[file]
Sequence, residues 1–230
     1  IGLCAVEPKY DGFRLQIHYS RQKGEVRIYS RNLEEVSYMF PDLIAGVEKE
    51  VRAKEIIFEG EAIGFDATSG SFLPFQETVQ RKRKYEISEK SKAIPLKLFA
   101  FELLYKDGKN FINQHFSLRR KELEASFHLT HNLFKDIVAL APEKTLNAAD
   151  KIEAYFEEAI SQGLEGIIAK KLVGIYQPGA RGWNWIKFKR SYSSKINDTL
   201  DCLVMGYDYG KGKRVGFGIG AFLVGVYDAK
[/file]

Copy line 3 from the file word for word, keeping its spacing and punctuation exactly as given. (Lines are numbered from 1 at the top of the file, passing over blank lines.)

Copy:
    51  VRAKEIIFEG EAIGFDATSG SFLPFQETVQ RKRKYEISEK SKAIPLKLFA